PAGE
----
Using custom constraints to improve NUnit test quality, part 2 of 2

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Writing good quality unit tests for your code can be hard. Neither multiple asserts in one test, nor multiple single-assert tests are ideal solutions. There are alternatives though, which this article explores. It culminates in a description of a powerful way of writing tests using NUnit.

In part one of this article, I examined two techniques for unit testing: the one test with multiple asserts approach and the many tests with single asserts approach. I discussed why both techniques are flawed and hinted at the fact that there are alternatives. This second part examines those improved solutions.

Improving tests through overriding Equals
One way we can simplify testing of objects that hold many values is by overriding the Equals method in the class under test. Let’s start by adding the following code to our Board class:

Board.cs (expanded)

By adding this code, we can now greatly simplify our test class:


Running this test and examining the resultant error, gives us the following information:

By using this method, we now have just one test and that test has just one assert. Despite this apparent reduction in testing, an examination of the expected and actual values reveals there are two errors in the code. So the test is simplified, yet the error information contents are maintained. Whilst this solution provides a great way to simplify tests, it comes at a price: we have had to add an override of the Equals method to the Board class for the sole reason of aiding testing. In reality, we would also have to define a GetHash override too. We still haven’t achieved a truly desirable testing environment therefore.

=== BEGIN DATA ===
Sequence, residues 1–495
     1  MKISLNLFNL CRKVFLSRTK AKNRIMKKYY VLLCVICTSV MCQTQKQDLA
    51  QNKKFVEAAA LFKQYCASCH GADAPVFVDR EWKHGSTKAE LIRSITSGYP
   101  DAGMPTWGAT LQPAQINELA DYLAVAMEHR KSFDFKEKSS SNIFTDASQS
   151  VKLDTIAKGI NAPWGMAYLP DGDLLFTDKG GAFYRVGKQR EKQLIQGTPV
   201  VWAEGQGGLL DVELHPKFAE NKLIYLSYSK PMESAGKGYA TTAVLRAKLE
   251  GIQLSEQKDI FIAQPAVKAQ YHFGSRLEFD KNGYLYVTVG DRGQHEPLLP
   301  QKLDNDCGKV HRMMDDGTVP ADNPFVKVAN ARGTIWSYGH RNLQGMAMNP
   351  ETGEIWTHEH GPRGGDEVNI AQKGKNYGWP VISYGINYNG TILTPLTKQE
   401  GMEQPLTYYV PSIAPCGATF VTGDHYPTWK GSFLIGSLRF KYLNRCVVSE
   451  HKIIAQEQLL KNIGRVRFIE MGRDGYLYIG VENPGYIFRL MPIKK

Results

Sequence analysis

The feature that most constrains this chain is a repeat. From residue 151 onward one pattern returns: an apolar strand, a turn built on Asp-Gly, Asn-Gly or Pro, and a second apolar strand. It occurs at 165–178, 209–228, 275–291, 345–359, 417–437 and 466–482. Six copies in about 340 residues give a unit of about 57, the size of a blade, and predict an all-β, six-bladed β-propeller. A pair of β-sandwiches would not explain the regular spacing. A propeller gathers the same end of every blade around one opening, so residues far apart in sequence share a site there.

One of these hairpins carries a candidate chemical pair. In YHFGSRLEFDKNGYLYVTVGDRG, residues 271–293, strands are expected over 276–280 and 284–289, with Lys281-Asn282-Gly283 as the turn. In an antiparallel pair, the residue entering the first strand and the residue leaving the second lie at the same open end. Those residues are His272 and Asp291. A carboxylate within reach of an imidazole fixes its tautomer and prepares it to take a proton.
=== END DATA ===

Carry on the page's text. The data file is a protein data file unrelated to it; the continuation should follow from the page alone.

At this point, it is time to focus exclusively on NUnit in order to improve the situation still further. As I mentioned in part 1, other frameworks often support extending the framework with new tests, but the following code is specific to NUnit as far as I know. The key to the further improved solution is NUnit’s Constraint class. Constraints are used when asserting via the Assert.That() method.


By defining the above constraint, we remove the need for the Equals and GetHash method overrides in the Board class. We can then rewrite the test class to be:


To recap, we now have one test, with one assert. We can readily identify multiple errors in the board state with that one test. Finally, we do not need any extraneous code in the Board class to support this.

Despite all this, we can improve things even further. Assert.That(testBoard, new BoardMatchConstraint(expectedStateBoard)); is functional, but it does not read well. Improving the readability of the test is the subject of a separate blog post.

One thought on “Using custom constraints to improve NUnit test quality, part 2 of 2

  1. I think it would be quite useful to see the Assert api expanded to allow for some kind of AssertButContinue behaviour, allowing asserts to build a list which is reported once the test method finally exits.

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